Sorry about the slight mess of a title.

Let $G$ be a finite group and $N$ a normal subgroup of $G$. If $H$ is a subgroup of $G/N$, prove that $\phi^{-1}(H)$ is a subgroup in $G$ of order $|H| \cdot |N|$ , where $\phi : G \to G/N$ is the canonical homomorphism.

Attempted solution:

First of all, $\phi^{-1}(H) = \{ g \in G : \phi(g) \in H \}$. To show that it is a subgroup in $G$, it is sufficient to prove that the set is non-empty and that if $g, h \in \phi^{-1}(H)$, then $gh^{-1} \in \phi^{-1}(H)$. Clearly it is nonempty since $H < G/N$ which implies $H$ contains at least the identity. Let $g,h \in \phi^{-1}(H)$. Then $\phi(gh^{-1}) = \phi(g) \phi(h^{-1}) = gNh^{-1}N = gh^{-1}N$, since $N$ is normal in $G$. Note that if $\phi(h) \in H$, then so must $\phi(h^{-1}) \in H$, since $H$ is a subgroup. This proves that $\phi^{-1}(H) < G$.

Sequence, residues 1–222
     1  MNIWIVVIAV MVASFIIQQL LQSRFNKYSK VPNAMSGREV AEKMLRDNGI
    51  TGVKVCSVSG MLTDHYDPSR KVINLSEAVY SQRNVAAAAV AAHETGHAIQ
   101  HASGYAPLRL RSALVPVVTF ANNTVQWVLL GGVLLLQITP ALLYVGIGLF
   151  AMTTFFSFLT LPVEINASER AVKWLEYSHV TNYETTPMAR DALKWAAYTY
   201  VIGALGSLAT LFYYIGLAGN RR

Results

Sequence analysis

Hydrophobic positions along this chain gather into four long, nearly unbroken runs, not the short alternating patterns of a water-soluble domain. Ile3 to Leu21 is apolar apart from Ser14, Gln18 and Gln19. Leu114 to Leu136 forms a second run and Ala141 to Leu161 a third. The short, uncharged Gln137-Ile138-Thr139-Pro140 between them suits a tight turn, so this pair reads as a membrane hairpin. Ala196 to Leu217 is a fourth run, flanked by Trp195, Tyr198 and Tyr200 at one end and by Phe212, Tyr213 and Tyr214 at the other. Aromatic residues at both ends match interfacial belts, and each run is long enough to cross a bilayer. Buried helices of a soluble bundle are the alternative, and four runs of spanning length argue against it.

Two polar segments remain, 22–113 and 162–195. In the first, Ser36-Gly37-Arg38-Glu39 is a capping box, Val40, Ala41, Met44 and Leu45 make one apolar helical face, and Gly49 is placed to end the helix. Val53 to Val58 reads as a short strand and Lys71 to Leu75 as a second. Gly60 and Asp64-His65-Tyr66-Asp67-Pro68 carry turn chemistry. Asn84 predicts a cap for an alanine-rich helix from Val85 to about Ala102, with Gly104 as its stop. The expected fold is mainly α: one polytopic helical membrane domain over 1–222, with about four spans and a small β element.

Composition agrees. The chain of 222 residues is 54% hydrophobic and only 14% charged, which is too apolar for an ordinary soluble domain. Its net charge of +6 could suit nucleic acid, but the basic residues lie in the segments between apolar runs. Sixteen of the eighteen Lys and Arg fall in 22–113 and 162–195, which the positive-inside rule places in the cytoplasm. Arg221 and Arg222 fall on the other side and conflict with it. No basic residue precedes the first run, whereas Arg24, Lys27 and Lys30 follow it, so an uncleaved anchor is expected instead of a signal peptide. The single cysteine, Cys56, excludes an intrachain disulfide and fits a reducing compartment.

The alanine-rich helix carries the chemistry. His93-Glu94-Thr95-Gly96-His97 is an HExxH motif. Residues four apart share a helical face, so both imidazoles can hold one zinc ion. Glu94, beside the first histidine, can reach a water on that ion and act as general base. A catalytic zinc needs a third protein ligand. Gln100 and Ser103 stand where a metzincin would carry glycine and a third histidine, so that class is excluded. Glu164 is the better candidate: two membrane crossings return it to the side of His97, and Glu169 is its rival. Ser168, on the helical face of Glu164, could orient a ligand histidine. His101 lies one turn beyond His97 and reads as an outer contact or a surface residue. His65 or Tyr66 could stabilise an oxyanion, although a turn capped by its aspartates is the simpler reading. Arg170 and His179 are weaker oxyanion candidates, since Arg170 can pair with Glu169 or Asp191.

To prove that the order is $|H| \cdot |N|$, I think it is enough to refer to the fact that $G/N$ contains disjoint subsets of $G$ each of order $N$ (since $G$ is finite) and it is "obvious" that we have $|H|$ such subsets so the order of $\phi^{-1}(H)$ is just the product $|H| \cdot |N|$. However, I'm not sure this is so obvious.

Is this proof actually correct?


Your first part is correct, but after writing $$ \phi(gh^{-1})=\phi(g)\phi(h^{-1})=gNh^{-1}N=gh^{-1}N$$ you should say that this implies that $gh^{-1}\in \phi^{-1}(H)$.

As for the second thing, to be more precise, you can choose $\lvert H\rvert=k$ many disjoint coset representatives: $x_1N,\ldots, x_kN$ and then note that since these are pairwise distinct representatives: $x_iN\cap x_jN=\varnothing$ unless $x_i=x_j$. Hence, $\phi^{-1}(H)=\bigsqcup_{i=1}^kx_i N$ has cardinality $\lvert H\rvert\cdot\lvert N\rvert.$ However, your idea is correct.

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